The COVID-19 pandemic has not only been a major challenge for science and societies everywhere, but also a real struggle for science journalism and popular science. In a matter of weeks, between the fateful months of February and March 2020, science went from being relegated to a discreet back seat in the media to being constantly on the front page. The big news story of the 21st century has not, for the moment, been economic, political, or social, but scientific: a new coronavirus that jumped species to humans and has spread across the planet, turning many aspects of our lives as we knew them upside down.
The intense media focus on the pandemic day in and day out has led to an unprecedented phenomenon: science is being broadcast live. Like a major football match, new scientific findings on SARS-CoV-2 and the different ways to treat and prevent it are communicated on a minute-by-minute basis, with urgency. The media no longer limit themselves to explaining established and confirmed scientific knowledge, but also announce very preliminary and not quite robust findings, running the great risk that some of them will end up being refuted by more recent evidence.
This communicative phenomenon, brought about by the great interest in and high demand for the most up-to-date pandemic information, stands in stark contrast to the timing of science. Scientific research is inevitably a slow process, which can sometimes be frustrating when its fruits can save millions of people in the midst of the most serious health crisis in recent times. In addition to their slow pace, the most novel results offered by science are burdened with uncertainty. Each study has a different approach, methods, and limitations, and it is not at all uncommon for seemingly contradictory research to emerge.
«The intense media focus on the pandemic day in and day out has led to an unprecedented phenomenon: science is being broadcast live»
The greatest strength of science is not its infallibility or speed, but its ability to increase our knowledge little by little, by constantly self-correcting. What happens, however, when any new scientific result, even one that contradicts previous findings, is passed on without context?
It might give the impression, for many people outside this «little world», that science says one thing one day and the opposite the next when, in reality, its work is more similar to gradually completing a puzzle with innumerable pieces whose final image we do not know yet. Sometimes the pieces that we put together are not the right ones, but as the puzzle is completed, the place of each piece becomes clearer and clearer.
If there is one thing this pandemic has clearly shown us, it is that there has always been and will always be misplaced pieces of the puzzle: from the first moments, when the World Health Organisation announced that there was no evidence that the newly identified coronavirus was transmitted from person to person, to those months when the controversial role of aerosols in SARS-CoV-2 transmission, the usefulness of face masks, or the ability of vaccines to prevent infections were being discussed.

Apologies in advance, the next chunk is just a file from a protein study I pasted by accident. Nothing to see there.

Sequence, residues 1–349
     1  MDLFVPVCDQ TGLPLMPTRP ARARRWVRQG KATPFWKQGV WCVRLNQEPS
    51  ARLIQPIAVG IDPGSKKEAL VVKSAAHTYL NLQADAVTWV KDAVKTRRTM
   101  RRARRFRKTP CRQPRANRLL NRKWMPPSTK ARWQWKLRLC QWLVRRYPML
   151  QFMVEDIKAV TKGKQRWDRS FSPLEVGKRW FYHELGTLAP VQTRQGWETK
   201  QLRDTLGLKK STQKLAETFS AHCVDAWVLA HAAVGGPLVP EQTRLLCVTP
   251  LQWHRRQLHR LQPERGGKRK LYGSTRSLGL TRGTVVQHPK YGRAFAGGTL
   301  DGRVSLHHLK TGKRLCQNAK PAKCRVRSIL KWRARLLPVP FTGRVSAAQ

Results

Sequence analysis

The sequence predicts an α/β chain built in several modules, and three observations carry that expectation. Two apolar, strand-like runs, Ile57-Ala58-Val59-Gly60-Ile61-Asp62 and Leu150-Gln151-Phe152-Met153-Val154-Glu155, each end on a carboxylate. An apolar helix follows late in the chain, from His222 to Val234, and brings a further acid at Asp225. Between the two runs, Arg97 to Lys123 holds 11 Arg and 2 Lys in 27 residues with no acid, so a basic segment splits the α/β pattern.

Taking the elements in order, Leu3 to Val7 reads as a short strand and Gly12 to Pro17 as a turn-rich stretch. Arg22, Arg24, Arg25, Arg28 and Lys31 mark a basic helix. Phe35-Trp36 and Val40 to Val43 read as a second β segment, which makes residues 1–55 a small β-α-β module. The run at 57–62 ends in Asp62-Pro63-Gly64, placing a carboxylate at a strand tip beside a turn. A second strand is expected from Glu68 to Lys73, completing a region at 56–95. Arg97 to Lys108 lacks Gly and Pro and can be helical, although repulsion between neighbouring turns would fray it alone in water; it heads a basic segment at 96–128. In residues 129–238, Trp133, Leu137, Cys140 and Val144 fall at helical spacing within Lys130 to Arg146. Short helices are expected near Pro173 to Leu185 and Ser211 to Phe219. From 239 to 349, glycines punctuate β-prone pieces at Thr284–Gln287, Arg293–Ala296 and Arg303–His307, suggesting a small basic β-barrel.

Now, almost two years into the pandemic, uncertainty continues on many other issues. For example, on 8 January, Cyprus authorities announced that they had detected 25 cases of infection with a SARS-CoV-2 variant resulting from the combination of the delta and omicron variants. On 10 January, multiple scientists indicated that this was likely due to a technical laboratory error.
«The greatest strength of science is not its infallibility or speed, but its ability to increase our knowledge little by little, by constantly self-correcting»
In another area, such as the widely known antigen tests, much recent research indicates that these tests could be more reliable if samples were taken from the throat, rather than the nose. However, the US Food and Drug Administration (FDA) had to publicly announce that antigen tests designed to test nasal samples should continue to be used in the same way. The reason? These self-diagnostic tests were authorised for their conventional use at the time, and the authorities do not yet have data from the manufacturers to ensure that throat swabbing is an appropriate or reliable method. It is only a matter of time before we know which sampling option is best, but uncertainty reigns, once again.
The minute-by-minute transmission of science about the pandemic shows us more clearly than ever that caution and context are key to communicating this and other news correctly and thus provide more clarity than confusion about new data as it emerges. To quote popular wisdom: «More haste, less speed».